Visualizing Algorithms is a research project exploring tactics to engage with decision-making in simple machine learning systems. The project studies how a decision tree classifier works allowing a user to interactively manipulate and frame the view of a decision-making process that usually occurs beyond human perception. By slowing down the speed of the computation to a human-scale and allowing a user to navigate and zoom into the data that populates the network, the algorithm’s landscape and cognition is accessible.

A decision tree is a model for predicting how data should be classified based on a previous training process. The objective of visualization techniques such as this one, provide broader access, a form of scrutiny, and process of accountability, with algorithmic decision-making. The user can identify individual data points as they flow through the algorithms network of internal paths and decisions, reverse-engineering the process.

The project primarily works with synthetic data to speculate on the concept of bias augmentation. Whilst bias in algorithms is usually attributed to the original data set, being a representation of a bias in society, bias augmentation enquires into whether a small bias in input data can be amplified through the algorithmic structure and iterative process. The project proposes that the increasingly wider adoption of autonomous decision-making system needs to be accompanied by new visual design tools for intuitive insight that do not require technical knowledge, allowing the public to hold accountable processes that might unintentionally or intentionally accentuate bias.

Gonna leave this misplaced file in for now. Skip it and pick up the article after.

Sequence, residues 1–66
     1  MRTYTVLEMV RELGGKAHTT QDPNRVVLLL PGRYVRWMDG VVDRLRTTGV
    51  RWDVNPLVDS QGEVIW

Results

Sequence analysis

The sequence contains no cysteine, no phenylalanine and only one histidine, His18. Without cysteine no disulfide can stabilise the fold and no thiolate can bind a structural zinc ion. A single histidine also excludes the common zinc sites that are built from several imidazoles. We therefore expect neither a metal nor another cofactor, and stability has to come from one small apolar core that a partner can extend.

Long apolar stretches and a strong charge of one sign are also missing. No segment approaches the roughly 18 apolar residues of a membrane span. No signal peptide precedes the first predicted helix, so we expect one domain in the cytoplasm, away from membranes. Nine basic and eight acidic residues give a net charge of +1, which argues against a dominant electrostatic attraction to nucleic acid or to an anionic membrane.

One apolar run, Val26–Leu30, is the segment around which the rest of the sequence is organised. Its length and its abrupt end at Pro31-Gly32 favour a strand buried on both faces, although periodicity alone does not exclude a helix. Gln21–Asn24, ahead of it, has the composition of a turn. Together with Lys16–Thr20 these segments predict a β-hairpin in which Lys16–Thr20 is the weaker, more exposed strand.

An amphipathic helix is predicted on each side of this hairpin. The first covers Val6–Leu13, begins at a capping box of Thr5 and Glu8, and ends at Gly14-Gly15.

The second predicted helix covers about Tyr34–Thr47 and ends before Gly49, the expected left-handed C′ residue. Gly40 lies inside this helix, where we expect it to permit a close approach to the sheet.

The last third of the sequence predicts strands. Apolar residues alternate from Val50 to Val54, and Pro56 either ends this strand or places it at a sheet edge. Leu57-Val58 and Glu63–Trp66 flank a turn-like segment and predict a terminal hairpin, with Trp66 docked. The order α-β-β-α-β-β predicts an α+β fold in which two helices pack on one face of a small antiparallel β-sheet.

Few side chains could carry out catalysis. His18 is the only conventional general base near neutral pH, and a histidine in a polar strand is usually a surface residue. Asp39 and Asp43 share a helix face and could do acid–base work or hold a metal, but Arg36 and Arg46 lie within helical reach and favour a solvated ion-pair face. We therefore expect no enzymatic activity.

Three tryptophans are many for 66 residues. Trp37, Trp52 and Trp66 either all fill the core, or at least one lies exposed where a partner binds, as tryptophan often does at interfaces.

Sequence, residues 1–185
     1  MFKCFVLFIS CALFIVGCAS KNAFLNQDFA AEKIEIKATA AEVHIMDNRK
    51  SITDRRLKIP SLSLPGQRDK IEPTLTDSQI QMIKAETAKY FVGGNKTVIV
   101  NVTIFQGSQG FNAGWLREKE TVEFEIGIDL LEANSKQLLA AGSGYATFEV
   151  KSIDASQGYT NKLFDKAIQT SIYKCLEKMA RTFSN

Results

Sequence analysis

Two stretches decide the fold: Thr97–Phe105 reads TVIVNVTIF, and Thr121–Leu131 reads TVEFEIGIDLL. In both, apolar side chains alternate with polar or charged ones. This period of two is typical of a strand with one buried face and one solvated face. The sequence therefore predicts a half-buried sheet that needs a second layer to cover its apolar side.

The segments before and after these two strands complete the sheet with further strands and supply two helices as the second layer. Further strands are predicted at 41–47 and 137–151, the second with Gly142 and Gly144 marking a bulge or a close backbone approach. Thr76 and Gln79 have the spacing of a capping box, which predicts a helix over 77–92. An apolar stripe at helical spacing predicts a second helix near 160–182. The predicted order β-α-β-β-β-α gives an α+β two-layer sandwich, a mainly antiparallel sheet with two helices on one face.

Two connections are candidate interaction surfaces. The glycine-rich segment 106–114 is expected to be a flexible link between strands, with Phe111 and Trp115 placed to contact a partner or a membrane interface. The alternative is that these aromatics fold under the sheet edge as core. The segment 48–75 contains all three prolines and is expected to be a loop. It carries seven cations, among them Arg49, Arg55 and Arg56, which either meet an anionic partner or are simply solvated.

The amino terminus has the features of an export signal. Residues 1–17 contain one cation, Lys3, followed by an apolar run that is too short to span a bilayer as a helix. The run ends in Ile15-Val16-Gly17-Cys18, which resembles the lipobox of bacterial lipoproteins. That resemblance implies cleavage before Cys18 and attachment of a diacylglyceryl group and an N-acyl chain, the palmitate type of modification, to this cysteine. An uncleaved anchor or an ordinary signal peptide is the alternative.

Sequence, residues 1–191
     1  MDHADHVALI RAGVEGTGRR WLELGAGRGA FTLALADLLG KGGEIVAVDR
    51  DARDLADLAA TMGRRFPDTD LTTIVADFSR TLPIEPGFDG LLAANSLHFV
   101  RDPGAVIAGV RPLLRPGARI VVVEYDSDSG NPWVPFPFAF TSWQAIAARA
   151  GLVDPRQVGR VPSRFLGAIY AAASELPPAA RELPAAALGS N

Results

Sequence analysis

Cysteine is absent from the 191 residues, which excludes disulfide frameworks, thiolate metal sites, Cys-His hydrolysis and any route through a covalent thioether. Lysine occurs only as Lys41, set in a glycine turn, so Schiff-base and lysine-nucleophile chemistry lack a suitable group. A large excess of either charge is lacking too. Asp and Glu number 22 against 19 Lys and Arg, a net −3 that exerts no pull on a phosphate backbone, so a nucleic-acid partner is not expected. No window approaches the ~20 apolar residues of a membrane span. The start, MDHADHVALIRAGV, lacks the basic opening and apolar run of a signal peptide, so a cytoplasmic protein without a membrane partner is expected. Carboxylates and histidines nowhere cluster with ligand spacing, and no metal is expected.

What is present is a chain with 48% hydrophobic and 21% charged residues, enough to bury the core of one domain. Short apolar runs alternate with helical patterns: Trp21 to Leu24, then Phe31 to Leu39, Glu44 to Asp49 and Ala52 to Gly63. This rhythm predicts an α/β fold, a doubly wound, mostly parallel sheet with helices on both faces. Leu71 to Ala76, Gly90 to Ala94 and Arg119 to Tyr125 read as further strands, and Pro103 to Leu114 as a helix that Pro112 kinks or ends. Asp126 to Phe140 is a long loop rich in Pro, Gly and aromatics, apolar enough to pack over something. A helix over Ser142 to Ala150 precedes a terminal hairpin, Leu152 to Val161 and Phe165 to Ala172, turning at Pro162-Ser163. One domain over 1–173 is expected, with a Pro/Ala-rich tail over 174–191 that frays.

Research questions:
- can the visualization of algorithms be used as an a-linguistic tool to re-engage with decision-making in prediction systems, where we are at risk of losing our connection of decision-making?

- can interaction design, generative design, and critical code studies, combine as an effective method to visualize ethical positions in algorithms, including bias, mistakes, and interpretability?

- to consider bias augmentation, what can be learnt by temporarily isolating the meaning in data, to focus on the effect that structure and process play in the generation of bias?

- what does it mean to learn, in artificial intelligence systems, and is the anthropomorphic analogy productive?

Basic visualization of decision tree structure and classified data in interactive application.

Large decision tree using synthetic data.


Mistakes in classification are highlighted.


User can zoom in on indivual data points and view their reverse-engineered pathways.

The application maps out the algorithm spatially, to see its full possibility space.


Large decision tree of synthetic data. The overall data organization is a combination of a
physics simulation, self-organizing tree structure, and user-defined parameters.